After doing this Lesson you will be able to
Initialize a local ipfs repository
Locate where IPFS stores the contents of your local IPFS repository
Open the IPFS Configuration file
ipfs init command to initialize the repository. This will generate a local ipfs repository for the current user account on your machine. It also generates a cryptographic keypair that allows your ipfs node to cryptographically sign the content and messages that you create.
$ ipfs initinitializing ipfs node at /Users/jbenet/.go-ipfsgenerating 2048-bit RSA keypair...donepeer identity: Qmcpo2iLBikrdf1d6QU6vXuNb6P7hwrbNPW9kLAH8eG67zto get started, enter:ipfs cat /ipfs/QmYwAPJzv5CZsnA625s3Xf2nemtYgPpHdWEz79ojWnPbdG/readme
Note: If you have already initialized ipfs on your machine, you will get an error message like:
initializing ipfs node at /Users/sally/.ipfsError: ipfs configuration file already exists!Reinitializing would overwrite your keys.
This is ok. It means you've already done this step. You can safely proceed to Step 2.
If you installed a different version of ipfs, you may have gotten a slightly different path to use here. Either path will work for this tutorial. The path you got from the ipfs init command will give you documentation that's accurate for the version of ipfs you're using.
When you ran
ipfs init, it provided a hint for how you can get started. It said:
to get started, enter:ipfs cat /ipfs/QmYwAPJzv5CZsnA625s3Xf2nemtYgPpHdWEz79ojWnPbdG/readme
ipfs cat command tells ipfs to read the content matching the path you provided. If the content isn't available locally, ipfs will attempt to find it on the peer-to-peer network.
In order to run the following command, the ipfs daemon must be running. In order to run the ipfs daemon, type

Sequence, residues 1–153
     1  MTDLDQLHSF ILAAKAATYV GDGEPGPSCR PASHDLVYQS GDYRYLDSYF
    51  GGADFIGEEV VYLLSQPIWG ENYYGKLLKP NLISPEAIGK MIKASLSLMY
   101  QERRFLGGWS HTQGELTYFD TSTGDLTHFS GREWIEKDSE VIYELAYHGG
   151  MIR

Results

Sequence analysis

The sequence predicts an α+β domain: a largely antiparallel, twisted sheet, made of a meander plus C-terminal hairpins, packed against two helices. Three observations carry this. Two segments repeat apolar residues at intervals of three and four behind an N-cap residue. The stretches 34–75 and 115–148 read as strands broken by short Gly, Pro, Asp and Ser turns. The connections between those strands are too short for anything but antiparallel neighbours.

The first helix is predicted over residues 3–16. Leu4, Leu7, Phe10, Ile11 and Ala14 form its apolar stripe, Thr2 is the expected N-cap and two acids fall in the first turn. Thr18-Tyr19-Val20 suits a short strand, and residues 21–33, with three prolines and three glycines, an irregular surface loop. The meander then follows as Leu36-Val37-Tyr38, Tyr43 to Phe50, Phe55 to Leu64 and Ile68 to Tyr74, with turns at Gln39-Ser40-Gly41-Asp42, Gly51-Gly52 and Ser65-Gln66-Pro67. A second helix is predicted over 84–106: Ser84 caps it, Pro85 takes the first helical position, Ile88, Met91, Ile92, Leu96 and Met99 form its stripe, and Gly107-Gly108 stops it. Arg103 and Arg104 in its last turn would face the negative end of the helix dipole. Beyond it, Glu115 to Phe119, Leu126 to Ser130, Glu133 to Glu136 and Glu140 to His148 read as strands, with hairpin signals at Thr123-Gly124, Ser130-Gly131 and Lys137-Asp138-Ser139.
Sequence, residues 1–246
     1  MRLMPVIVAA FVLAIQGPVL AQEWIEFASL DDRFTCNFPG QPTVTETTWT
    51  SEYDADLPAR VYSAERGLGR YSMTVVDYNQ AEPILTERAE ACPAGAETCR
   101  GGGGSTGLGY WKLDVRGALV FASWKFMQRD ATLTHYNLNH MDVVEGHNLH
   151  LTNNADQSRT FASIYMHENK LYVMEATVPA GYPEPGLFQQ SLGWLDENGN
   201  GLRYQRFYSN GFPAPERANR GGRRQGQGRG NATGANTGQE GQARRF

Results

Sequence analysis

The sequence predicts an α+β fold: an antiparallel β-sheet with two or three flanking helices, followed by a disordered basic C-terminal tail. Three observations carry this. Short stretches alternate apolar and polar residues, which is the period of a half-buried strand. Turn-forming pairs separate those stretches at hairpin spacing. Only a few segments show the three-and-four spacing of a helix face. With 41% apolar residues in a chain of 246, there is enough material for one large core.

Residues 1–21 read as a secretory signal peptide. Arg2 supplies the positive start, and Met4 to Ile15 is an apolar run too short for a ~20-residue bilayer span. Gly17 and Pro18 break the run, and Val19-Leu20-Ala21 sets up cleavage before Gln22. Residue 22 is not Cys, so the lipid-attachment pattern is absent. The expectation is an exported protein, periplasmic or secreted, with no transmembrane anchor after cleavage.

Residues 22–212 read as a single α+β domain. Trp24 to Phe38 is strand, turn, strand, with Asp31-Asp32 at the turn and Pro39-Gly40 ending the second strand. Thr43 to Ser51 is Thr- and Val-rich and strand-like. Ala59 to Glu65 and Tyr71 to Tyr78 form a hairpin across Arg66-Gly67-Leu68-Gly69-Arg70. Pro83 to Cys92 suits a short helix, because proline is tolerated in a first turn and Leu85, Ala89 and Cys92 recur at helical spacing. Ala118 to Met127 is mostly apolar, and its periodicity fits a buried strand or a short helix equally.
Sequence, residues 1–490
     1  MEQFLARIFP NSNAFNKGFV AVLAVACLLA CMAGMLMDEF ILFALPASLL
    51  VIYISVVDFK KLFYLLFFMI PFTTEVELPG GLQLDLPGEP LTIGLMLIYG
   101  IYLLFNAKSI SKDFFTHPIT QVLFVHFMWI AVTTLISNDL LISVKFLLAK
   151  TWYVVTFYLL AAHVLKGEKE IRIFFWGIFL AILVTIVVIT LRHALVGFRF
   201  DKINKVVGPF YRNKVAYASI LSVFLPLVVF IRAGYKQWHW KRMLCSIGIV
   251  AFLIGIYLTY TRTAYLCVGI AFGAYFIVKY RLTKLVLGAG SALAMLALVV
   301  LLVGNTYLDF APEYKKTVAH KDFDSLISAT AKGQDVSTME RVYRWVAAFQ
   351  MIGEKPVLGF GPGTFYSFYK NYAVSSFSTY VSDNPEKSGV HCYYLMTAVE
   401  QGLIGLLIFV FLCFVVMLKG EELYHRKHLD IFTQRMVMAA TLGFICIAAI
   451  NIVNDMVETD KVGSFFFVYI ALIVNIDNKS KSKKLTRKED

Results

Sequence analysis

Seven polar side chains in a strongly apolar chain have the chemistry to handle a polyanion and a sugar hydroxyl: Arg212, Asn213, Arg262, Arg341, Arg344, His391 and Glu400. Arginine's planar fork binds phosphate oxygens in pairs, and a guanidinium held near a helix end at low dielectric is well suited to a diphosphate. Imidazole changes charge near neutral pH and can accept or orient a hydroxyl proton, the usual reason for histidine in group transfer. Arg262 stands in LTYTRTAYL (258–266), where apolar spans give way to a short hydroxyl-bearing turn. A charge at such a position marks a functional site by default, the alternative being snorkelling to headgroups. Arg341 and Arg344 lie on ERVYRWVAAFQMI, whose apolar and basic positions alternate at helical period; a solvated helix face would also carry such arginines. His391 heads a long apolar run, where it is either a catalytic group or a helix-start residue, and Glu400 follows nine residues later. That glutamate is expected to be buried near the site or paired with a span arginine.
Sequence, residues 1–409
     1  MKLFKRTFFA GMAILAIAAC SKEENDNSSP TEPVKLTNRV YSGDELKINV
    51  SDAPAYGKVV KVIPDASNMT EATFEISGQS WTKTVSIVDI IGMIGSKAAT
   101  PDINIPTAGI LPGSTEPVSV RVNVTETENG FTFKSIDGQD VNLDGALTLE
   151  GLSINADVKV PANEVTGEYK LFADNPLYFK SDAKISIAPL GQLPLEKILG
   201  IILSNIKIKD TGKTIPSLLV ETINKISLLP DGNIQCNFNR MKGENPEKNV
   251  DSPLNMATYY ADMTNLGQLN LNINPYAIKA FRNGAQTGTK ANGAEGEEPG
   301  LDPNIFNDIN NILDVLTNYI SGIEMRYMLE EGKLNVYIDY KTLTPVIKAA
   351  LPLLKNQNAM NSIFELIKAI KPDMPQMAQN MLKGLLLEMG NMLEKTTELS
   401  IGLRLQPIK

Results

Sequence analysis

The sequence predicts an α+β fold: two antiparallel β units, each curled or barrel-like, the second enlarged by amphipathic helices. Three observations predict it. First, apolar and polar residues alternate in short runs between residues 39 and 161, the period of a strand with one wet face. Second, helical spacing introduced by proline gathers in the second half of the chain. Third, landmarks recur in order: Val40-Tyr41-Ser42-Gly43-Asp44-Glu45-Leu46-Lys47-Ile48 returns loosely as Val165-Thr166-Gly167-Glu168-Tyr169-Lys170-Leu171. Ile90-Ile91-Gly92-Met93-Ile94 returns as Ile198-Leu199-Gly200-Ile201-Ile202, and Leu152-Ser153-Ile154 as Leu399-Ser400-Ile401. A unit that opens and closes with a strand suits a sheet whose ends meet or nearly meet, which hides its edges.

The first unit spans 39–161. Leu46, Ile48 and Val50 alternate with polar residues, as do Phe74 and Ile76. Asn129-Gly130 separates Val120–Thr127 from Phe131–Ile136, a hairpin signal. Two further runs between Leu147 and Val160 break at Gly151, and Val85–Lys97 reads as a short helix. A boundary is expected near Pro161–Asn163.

ipfs daemon &. This will start the ipfs daemon and place it into the background of your current console.
$ ipfs daemon &
ipfs cat command with the path you got from the init message:
$ ipfs cat /ipfs/QmYwAPJzv5CZsnA625s3Xf2nemtYgPpHdWEz79ojWnPbdG/readme
You should see something like this:
Hello and Welcome to IPFS!██╗██████╗ ███████╗███████╗██║██╔══██╗██╔════╝██╔════╝██║██████╔╝█████╗ ███████╗██║██╔═══╝ ██╔══╝ ╚════██║██║██║ ██║ ███████║╚═╝╚═╝ ╚═╝ ╚══════╝If you're seeing this, you have successfully installedIPFS and are now interfacing with the ipfs merkledag!-------------------------------------------------------| Warning: || This is alpha software. use at your own discretion! || Much is missing or lacking polish. There are bugs. || Not yet secure. Read the security notes for more. |-------------------------------------------------------Check out some of the other files in this directory:./about./help./quick-start <-- usage examples./readme <-- this file./security-notes
You can explore other objects in there. For example, check out
ipfs cat /ipfs/QmYwAPJzv5CZsnA625s3Xf2nemtYgPpHdWEz79ojWnPbdG/security-notes
ipfs stores its local object repository in
$ ls ~/.ipfs
The contents of that directory look like this:
blocks config datastore version
All of the contents of your IPFS repository are stored within this directory. For example, the readme file from above is stored in here, along with the other files it links to. You can run a grep to find out the exact location.
The configuration for your ipfs repository is in a json file that's usually stored at
~/.ipfs/config. To view the current config, run:
$ ipfs config show
One of the useful details in this config file is at
Datastore.Path. This tells you where the ipfs repository's contents are being stored. As we saw in Step 3, this is usually
Next, proceed to the Files on IPFS tutorial.